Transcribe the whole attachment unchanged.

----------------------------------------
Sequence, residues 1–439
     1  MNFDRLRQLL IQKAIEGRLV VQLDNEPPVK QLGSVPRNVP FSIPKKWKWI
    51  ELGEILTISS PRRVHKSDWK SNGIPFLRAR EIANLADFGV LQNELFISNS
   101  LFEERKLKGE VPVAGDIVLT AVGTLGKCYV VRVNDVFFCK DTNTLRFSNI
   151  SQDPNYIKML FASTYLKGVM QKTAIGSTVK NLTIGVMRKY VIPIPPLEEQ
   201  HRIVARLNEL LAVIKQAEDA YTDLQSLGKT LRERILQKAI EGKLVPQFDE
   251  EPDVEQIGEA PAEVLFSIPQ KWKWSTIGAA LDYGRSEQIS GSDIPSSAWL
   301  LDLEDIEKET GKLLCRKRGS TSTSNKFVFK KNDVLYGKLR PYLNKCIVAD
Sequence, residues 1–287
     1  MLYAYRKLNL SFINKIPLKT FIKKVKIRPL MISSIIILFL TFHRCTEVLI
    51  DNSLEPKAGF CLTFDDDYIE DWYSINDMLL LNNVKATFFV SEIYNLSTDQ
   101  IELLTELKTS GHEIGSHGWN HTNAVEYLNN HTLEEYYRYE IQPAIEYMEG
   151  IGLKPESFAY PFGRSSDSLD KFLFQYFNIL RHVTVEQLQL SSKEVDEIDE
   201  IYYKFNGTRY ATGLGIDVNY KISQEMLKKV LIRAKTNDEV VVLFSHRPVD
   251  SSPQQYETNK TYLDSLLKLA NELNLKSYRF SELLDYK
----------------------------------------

Sequence, residues 1–439
     1  MNFDRLRQLL IQKAIEGRLV VQLDNEPPVK QLGSVPRNVP FSIPKKWKWI
    51  ELGEILTISS PRRVHKSDWK SNGIPFLRAR EIANLADFGV LQNELFISNS
   101  LFEERKLKGE VPVAGDIVLT AVGTLGKCYV VRVNDVFFCK DTNTLRFSNI
   151  SQDPNYIKML FASTYLKGVM QKTAIGSTVK NLTIGVMRKY VIPIPPLEEQ
   201  HRIVARLNEL LAVIKQAEDA YTDLQSLGKT LRERILQKAI EGKLVPQFDE
   251  EPDVEQIGEA PAEVLFSIPQ KWKWSTIGAA LDYGRSEQIS GSDIPSSAWL
   301  LDLEDIEKET GKLLCRKRGS TSTSNKFVFK KNDVLYGKLR PYLNKCIVAD
Sequence, residues 1–287
     1  MLYAYRKLNL SFINKIPLKT FIKKVKIRPL MISSIIILFL TFHRCTEVLI
    51  DNSLEPKAGF CLTFDDDYIE DWYSINDMLL LNNVKATFFV SEIYNLSTDQ
   101  IELLTELKTS GHEIGSHGWN HTNAVEYLNN HTLEEYYRYE IQPAIEYMEG
   151  IGLKPESFAY PFGRSSDSLD KFLFQYFNIL RHVTVEQLQL SSKEVDEIDE
   201  IYYKFNGTRY ATGLGIDVNY KISQEMLKKV LIRAKTNDEV VVLFSHRPVD
   251  SSPQQYETNK TYLDSLLKLA NELNLKSYRF SELLDYK